The San Francisco Board of Health started out right when the bubonic plague first developed in that city, and courageously did its duty in spite of bitter opposition. But in the more recent developments it has certainly laid itself open to censure. Two weeks ago3 we noticed the discovery of another case of the plague in San Francisco's Chinese quarter, the account being sent to us by telegraph by our regular correspondent. Shortly after his telegram was received, another came in which we were requested not to publish the matter, as the merchants' association there desired it kept out of the papers. Developments show that the merchants succeeded and that while they kept a knowledge of the conditions out of the general newspapers—a report of the case appearing exclusively in The Journal—the disease spread. Secrecy in this instance meant half measures in fighting the disease, whereas the most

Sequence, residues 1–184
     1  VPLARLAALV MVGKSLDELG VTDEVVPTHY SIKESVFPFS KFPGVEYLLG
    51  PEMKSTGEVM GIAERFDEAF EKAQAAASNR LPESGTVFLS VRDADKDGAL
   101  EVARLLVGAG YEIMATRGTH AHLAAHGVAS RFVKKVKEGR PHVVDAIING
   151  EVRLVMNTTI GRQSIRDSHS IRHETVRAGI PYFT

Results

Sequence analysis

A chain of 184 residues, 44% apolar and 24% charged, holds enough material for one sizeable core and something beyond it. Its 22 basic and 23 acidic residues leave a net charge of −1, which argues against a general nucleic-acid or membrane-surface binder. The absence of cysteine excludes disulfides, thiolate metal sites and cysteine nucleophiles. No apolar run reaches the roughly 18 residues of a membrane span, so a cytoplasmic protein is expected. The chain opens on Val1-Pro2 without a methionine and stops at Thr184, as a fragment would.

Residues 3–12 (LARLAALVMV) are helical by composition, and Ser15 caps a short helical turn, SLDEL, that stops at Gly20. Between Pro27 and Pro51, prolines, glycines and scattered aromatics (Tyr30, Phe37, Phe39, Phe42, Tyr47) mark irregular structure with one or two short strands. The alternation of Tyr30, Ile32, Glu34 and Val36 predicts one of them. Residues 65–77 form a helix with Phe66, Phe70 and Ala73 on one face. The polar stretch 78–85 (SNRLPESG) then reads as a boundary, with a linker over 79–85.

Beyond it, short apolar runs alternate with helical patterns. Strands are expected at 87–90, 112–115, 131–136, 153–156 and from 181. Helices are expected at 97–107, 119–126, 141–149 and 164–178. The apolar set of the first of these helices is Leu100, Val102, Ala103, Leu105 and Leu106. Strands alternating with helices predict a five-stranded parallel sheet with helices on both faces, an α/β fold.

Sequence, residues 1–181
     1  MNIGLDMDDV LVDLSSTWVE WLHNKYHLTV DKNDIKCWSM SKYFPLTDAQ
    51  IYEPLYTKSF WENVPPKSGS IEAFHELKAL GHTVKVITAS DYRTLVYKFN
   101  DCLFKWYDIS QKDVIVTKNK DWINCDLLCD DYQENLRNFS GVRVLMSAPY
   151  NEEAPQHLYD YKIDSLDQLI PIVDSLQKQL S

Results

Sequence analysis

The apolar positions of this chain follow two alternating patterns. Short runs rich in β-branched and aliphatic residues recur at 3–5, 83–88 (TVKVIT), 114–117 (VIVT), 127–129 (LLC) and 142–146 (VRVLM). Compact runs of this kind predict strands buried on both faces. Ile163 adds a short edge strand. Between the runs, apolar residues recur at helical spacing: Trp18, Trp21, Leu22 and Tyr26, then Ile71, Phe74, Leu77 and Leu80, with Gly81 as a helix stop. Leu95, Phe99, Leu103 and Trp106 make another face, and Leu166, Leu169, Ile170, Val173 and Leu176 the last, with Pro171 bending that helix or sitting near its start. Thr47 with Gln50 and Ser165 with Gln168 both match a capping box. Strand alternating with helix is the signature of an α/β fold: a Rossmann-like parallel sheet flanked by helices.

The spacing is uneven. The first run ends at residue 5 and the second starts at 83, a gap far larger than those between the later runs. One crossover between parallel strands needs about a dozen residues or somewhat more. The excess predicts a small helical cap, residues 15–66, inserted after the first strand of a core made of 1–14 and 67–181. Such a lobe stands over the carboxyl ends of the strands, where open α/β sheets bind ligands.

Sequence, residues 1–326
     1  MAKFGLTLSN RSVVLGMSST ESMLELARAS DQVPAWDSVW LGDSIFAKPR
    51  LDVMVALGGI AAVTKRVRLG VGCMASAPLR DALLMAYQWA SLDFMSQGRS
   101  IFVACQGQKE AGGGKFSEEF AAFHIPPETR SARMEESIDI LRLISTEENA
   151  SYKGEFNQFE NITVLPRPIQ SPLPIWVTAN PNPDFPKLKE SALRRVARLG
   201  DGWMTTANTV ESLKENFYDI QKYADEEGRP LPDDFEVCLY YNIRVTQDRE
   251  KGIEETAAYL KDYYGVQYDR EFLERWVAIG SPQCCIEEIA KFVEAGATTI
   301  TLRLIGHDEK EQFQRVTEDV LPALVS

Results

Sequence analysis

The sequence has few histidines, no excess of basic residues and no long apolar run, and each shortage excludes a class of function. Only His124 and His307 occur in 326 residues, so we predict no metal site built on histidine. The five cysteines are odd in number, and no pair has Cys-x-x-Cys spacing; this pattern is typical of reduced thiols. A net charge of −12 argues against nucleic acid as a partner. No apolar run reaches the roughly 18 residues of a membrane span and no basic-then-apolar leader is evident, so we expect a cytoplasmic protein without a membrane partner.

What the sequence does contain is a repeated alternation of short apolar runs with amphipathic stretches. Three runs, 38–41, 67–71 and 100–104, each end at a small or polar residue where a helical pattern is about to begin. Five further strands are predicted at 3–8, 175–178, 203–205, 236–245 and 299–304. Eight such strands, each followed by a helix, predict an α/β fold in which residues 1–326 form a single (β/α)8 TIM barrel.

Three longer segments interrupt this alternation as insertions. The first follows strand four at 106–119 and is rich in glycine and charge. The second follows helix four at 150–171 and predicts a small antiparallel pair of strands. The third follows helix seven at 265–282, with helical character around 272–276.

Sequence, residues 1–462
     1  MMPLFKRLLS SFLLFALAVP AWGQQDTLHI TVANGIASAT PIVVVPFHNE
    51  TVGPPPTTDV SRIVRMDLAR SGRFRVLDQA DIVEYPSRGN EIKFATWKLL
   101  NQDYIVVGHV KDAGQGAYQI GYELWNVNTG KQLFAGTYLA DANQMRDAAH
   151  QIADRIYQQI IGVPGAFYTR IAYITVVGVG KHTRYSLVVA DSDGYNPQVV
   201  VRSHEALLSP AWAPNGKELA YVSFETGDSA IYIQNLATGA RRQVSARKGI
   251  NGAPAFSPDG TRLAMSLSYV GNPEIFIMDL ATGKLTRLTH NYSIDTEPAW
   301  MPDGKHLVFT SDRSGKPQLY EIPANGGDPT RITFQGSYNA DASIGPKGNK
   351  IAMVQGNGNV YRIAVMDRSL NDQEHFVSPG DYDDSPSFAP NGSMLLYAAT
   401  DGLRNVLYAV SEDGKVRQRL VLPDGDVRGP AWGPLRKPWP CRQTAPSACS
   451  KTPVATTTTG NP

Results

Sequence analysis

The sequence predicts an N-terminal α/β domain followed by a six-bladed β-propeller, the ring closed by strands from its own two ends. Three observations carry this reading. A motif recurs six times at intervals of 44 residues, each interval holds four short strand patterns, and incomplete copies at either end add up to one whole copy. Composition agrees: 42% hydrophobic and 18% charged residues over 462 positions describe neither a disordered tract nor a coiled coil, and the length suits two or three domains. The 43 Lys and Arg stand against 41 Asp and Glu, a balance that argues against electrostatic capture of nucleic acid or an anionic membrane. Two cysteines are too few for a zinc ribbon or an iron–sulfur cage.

THE PLAGUE AND COMMERCIAL INTERESTS. JAMA. 1900;XXXIV(21):1348. doi:10.1001/jama.1900.02460210054013
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